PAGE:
George I of Greece reigned as the king of Greece from 1863 until his murder in 1913. During his reign of nearly 50 years, which is the longest in the history of modern Greece, George helped expand Greece's territory significantly. During his reign, Greece also became increasingly prosperous and attained a popular place on the European stage.
Constantine II of Greece reigned as the King of the Hellenes from 1964 until 1973 when the Greek monarchy was abolished. His reign culminated in the Greek junta and the former King of Greece was forced into exile when the countercoup against the junta failed. Constantine is also a former sailor who won an Olympic gold in the 1960 Olympics.
Philip II of Macedon reigned as the king of Macedon from 359 BC to 336 BC. He is credited with reforming the Ancient Macedonian army, which helped secure several victories on the battlefield. Under his reign, the kingdom of Macedonia conquered and dominated Ancient Greece. He was succeeded by his son, Alexander the Great.
Greek king Pyrrhus, son of prince Aeacides, belonged to the Hellenistic period and ruled Epirus. His destructive losses in the wars that he fought gave rise to the term “Pyrrhic victory.” He fought against Rome in the Pyrrhic War and later died while fighting a street war in Argos.
Seleucus I Nicator was Alexander the Great’s right hand in his fight against Porus in India. He became the Babylonian governor after Alexander’s death and eventually formed the Seleucid empire. His conflict with Chandragupta Maurya ended with a marital alliance, and he secured his ties by sending Megasthenes to Pataliputra.
George II of Greece was the King of Greece for two terms, from 1922 to 1924 and from 1935 to 1947. He was the eldest son of King Constantine I and his wife, Sophia of Prussia. He reigned during a tumultuous time in Greek history. Upon his death, he was succeeded by his younger brother, Paul.
Antiochus IV Epiphanes reigned over the Seleucid Empire as a Hellenistic king from 175 BC to 164 BC. The first successful usurper of the Seleucid Empire, Antiochus' rise to power set an example for aspiring rulers of subsequent generations. His often eccentric behavior, such as appearing unannounced in the public bath houses, earned him the nickname, The Mad One.
Croesus reigned as the king of Lydia from 560 BC to 546 BC. Renowned for his wealth, Croesus ruled over a prosperous kingdom and is remembered for issuing the first genuine gold coins for general circulation. Croesus' defeat at the hands of Cyrus II of Persia in 546 BC had a great effect on the Greeks.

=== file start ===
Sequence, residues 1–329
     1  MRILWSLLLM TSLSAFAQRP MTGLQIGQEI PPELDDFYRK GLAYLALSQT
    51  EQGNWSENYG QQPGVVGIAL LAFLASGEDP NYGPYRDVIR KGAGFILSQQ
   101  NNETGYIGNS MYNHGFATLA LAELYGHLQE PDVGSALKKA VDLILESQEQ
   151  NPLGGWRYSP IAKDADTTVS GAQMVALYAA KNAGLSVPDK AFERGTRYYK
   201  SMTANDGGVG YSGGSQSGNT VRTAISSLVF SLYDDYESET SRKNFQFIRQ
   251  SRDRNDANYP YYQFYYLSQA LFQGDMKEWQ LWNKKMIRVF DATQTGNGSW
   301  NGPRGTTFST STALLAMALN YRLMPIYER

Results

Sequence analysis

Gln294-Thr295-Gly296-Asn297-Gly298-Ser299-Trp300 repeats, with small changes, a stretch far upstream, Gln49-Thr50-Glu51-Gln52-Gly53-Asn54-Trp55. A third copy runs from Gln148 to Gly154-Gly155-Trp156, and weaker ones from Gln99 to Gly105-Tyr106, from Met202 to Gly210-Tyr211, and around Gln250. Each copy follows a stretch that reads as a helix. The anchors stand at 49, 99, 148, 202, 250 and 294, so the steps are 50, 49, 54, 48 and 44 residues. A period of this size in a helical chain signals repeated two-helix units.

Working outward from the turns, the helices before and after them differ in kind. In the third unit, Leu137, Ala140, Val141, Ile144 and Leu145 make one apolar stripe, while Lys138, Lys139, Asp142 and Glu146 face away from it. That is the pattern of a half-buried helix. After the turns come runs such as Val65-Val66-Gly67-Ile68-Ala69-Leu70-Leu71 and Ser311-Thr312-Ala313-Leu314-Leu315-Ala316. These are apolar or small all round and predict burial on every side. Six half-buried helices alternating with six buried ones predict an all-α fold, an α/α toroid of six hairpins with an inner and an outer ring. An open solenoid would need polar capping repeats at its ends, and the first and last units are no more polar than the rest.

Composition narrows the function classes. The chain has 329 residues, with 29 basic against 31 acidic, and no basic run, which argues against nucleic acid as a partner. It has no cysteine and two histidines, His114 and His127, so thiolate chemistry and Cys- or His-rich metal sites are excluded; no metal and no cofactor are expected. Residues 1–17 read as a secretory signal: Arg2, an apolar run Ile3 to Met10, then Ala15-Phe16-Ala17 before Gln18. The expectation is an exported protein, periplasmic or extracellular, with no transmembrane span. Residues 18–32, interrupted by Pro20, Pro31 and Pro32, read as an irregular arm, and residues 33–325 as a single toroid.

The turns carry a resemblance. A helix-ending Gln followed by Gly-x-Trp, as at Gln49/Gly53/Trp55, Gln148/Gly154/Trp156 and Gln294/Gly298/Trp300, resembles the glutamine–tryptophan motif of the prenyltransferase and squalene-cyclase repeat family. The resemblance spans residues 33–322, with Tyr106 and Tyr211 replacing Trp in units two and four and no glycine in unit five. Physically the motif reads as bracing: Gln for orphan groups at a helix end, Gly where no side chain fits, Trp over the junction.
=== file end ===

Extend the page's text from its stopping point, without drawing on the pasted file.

Otto of Greece was a Bavarian prince who reigned as the king of Greece from 1832 to 1862. He was largely unpopular throughout his reign as he failed to resolve Greece's poverty. He was deposed in 1862 and died in exile in 1867.
Paul of Greece served as the King of Greece from 1947 to 1964. Before succeeding to the throne, Paul trained as an army officer and then worked in an aircraft factory. As the king, he helped rebuild Greece's diplomatic and trade links after the end of the Greek Civil War.
Eastern Roman emperor Marcian is said to have a peaceful “golden age.” He was initially a soldier and contributed to his kingdom’s finances as an emperor, by staying away from wars and refusing to pay an annual tribute to the Huns. He held the Fourth Ecumenical Council at Chalcedon.
Byzantine emperor John VI Cantacuzenus had started off as the chief advisor to Andronicus III Palaeologus. He was the regent for John V Palaeologus but later disputed with him, to join hands with the Turks, leading them to invade the Byzantine empire. He became a monk and a historian in his final years.
Polycrates was a tyrant who ruled over Samos, a Greek island which is separated by the 1.6-kilometre wide Mycale Strait from present-day Turkey, from the 540s to 522 BC. Polycrates is credited with achieving engineering and technological expertise of unprecedented levels in ancient Greece. The Tunnel of Eupalinos, which is 1,036 metres long, was an aqueduct constructed during his time.